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ReligionEdit

935Edit

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EuropeEdit
AfricaEdit
Arabian EmpireEdit
AsiaEdit

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ReligionEdit

936Edit

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EuropeEdit
EnglandEdit
AfricaEdit
Arabian EmpireEdit
ChinaEdit

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ReligionEdit

937Edit

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EuropeEdit
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AsiaEdit

938Edit

By placeEdit

EuropeEdit
AsiaEdit

939Edit

By placeEdit

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Significant peopleEdit

BirthsEdit

930

931

932

933

934

935

936

937

938

939

DeathsEdit

930

931

932

933

934

935

936

937

938

939


ReferencesEdit

  1. ^ [1]. Italian History - Timeline Lombard Leagues Board, p. 11.
  2. ^ Collins, Roger (1983). Early Medieval Spain. New York: St. Martin's Press. p. 241. ISBN 0-312-22464-8.
  3. ^ [2]. Italian History - Timeline Lombard Leagues Board, p. 11.
  4. ^ [3]. Italian History - Timeline Lombard Leagues Board, p. 11.
  5. ^ Timothy Reuter (1999). The New Cambridge Medieval History, Volume III, p. 543. ISBN 978-0-521-36447-8.
  6. ^ Pierre Riché, The Carolingians: A Family who Forged Europe, trans. Michael Idomir Allen (Philadelphia: University of Pennsylvania Press, 1993), pp. 252–253.
  7. ^ Gilbert Meynier (2010) L'Algérie cœur du Maghreb classique. De l'ouverture islamo-arabe au repli (658-1518). Paris: La Découverte; p. 41.
  8. ^ Timothy Reuter (1999). The New Cambridge Medieval History, Volume III, p. 543. ISBN 978-0-521-36447-8.
  9. ^ Steven A. Epstein, Genoa and the Genoese, 958–1528. (The University of North Carolina Press, 1996), p.14.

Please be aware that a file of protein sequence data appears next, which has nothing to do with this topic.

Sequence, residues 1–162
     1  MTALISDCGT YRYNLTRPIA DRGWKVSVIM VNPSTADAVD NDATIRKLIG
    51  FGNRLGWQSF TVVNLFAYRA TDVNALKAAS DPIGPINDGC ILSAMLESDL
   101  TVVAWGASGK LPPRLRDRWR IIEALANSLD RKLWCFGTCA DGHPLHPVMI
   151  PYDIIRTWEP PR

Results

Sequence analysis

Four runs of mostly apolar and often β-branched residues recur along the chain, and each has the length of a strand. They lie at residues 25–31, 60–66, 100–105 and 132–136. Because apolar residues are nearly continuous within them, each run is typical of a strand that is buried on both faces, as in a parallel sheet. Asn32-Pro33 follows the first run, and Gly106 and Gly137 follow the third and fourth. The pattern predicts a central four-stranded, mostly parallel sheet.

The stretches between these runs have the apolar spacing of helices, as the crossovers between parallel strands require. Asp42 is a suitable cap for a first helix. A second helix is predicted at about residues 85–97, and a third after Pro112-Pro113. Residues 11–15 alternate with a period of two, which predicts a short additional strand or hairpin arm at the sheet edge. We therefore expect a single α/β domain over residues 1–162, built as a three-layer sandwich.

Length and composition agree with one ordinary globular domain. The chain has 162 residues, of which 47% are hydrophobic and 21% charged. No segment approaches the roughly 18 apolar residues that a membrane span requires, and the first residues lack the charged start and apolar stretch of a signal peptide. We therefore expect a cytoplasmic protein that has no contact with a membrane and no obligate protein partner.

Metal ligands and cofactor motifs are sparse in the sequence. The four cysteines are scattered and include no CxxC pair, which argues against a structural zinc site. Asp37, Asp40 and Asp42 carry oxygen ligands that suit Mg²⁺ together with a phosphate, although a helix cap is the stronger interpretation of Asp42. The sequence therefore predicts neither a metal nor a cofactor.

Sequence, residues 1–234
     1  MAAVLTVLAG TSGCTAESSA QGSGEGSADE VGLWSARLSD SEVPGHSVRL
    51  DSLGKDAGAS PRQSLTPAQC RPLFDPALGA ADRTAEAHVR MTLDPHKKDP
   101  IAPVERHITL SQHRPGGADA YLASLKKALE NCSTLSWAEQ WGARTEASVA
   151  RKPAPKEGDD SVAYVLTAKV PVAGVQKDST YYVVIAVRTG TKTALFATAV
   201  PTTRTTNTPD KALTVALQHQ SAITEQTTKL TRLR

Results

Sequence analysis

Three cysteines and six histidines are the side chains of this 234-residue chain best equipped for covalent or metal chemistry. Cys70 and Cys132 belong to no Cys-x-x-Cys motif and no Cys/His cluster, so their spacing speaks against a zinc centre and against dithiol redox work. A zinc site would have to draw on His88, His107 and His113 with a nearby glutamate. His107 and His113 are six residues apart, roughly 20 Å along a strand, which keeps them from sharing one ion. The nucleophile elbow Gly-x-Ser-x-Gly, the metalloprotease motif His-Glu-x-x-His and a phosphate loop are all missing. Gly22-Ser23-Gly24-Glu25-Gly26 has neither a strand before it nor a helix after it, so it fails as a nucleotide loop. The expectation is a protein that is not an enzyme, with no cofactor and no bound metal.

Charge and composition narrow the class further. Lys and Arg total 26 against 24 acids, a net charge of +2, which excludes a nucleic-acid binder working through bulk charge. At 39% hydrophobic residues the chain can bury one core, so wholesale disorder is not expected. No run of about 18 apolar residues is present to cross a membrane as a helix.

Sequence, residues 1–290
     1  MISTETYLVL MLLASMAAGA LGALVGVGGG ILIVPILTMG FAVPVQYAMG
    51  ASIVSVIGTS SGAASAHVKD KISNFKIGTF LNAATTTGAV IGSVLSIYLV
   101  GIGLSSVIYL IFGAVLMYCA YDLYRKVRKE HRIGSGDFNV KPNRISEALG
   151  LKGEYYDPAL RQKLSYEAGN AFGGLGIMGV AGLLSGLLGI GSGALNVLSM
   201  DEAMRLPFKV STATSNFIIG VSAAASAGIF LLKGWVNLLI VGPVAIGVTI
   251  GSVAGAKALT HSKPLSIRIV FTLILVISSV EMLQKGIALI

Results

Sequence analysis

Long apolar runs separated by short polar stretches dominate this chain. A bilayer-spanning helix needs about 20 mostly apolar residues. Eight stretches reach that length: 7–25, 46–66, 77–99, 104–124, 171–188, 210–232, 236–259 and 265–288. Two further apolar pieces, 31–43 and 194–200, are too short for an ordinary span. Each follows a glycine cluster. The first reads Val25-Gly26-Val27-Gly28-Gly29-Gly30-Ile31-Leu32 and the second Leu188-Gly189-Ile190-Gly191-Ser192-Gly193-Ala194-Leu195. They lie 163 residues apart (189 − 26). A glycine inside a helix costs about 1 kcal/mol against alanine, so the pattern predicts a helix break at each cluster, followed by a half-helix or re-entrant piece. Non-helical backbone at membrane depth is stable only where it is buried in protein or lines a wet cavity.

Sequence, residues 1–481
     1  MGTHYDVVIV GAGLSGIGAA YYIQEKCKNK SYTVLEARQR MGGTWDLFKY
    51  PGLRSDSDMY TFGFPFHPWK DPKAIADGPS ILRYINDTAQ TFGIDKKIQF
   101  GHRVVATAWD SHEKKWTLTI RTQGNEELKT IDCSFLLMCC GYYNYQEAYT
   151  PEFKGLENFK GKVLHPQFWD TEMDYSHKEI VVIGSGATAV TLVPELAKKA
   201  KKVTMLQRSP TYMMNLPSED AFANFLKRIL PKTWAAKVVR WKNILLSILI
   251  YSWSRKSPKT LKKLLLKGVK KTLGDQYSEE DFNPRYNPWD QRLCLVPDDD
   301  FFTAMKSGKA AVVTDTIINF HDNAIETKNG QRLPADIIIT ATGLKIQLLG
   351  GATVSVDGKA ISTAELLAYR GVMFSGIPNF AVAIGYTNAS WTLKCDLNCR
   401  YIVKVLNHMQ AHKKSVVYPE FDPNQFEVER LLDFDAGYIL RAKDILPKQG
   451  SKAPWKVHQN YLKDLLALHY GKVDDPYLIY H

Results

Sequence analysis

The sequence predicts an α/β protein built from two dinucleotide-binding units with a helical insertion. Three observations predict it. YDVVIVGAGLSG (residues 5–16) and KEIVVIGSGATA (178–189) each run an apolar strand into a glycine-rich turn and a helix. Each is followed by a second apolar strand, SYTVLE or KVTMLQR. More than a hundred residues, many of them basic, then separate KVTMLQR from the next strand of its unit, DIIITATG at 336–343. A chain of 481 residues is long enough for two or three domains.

10. ^ Geography at about.com
  11. ^ Gilbert Meynier (2010). L'Algérie cœur du Maghreb classique. De l'ouverture islamo-arabe au repli (658–1518). Paris: La Découverte, p. 43.
  12. ^ Timothy Reuter (1999). The New Cambridge Medieval History, Volume III, p. 244. ISBN 978-0-521-36447-8.
  13. ^ "Cornwall timeline 936". Cornwall Council. Archived from the original on September 30, 2008.
  14. ^ Timothy Reuter (1999). The New Cambridge Medieval History, Volume III, pp. 341–342. ISBN 978-0-521-36447-8.
  15. ^ Ernest F. Henderson (1894). History of Germany in the Middle Ages, G. Bell & Sons, London, p. 125.
  16. ^ Timothy Reuter (1999). The New Cambridge Medieval History, Volume III, p. 245. ISBN 978-0-521-36447-8.
  17. ^ The Annals of Flodoard of Reims; 919-966, Ed, & Trans. Steven Fanning & Bernard S. Bachrach (University of Toronto Press, 2011), p. 32.
  18. ^ "Abd-al-Rahman III". Encyclopædia Britannica. I: A-Ak - Bayes (15th edit.). Chicago, IL: Encyclopædia Britannica, Inc. 2010. pp. 17–18. ISBN 978-1-59339-837-8.
  19. ^ Kevin Halloran, "Anlaf Guthfrithson at York", pp. 180–185.
  20. ^ Nussbaum, Louis Frédéric et al. (2005). "Taira no Masakado" in Japan Encyclopedia, p. 926., p. 926, at Google Books.
  21. ^ Vo, Nghia. Legends of Vietnam: An Analysis and Retelling of 88 Tales, p. 52 (McFarland, 2012).